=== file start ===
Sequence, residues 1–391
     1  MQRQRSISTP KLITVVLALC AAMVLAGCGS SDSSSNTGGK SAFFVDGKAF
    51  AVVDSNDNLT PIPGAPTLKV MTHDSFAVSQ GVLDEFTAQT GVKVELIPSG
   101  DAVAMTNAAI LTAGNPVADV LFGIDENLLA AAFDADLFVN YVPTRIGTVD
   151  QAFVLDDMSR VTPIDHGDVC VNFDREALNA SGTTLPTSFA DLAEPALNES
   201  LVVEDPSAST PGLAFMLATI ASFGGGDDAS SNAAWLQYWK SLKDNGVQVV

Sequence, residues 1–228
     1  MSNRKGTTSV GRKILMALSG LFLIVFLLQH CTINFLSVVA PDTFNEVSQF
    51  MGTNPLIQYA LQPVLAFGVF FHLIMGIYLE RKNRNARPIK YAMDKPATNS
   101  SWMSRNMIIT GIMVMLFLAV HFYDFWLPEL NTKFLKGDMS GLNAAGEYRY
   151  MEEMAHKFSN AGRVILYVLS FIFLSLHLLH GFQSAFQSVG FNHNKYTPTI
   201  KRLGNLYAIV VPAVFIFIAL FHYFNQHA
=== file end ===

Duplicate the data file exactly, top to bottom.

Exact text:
Sequence, residues 1–391
     1  MQRQRSISTP KLITVVLALC AAMVLAGCGS SDSSSNTGGK SAFFVDGKAF
    51  AVVDSNDNLT PIPGAPTLKV MTHDSFAVSQ GVLDEFTAQT GVKVELIPSG
   101  DAVAMTNAAI LTAGNPVADV LFGIDENLLA AAFDADLFVN YVPTRIGTVD
   151  QAFVLDDMSR VTPIDHGDVC VNFDREALNA SGTTLPTSFA DLAEPALNES
   201  LVVEDPSAST PGLAFMLATI ASFGGGDDAS SNAAWLQYWK SLKDNGVQVV

Sequence, residues 1–228
     1  MSNRKGTTSV GRKILMALSG LFLIVFLLQH CTINFLSVVA PDTFNEVSQF
    51  MGTNPLIQYA LQPVLAFGVF FHLIMGIYLE RKNRNARPIK YAMDKPATNS
   101  SWMSRNMIIT GIMVMLFLAV HFYDFWLPEL NTKFLKGDMS GLNAAGEYRY
   151  MEEMAHKFSN AGRVILYVLS FIFLSLHLLH GFQSAFQSVG FNHNKYTPTI
   201  KRLGNLYAIV VPAVFIFIAL FHYFNQHA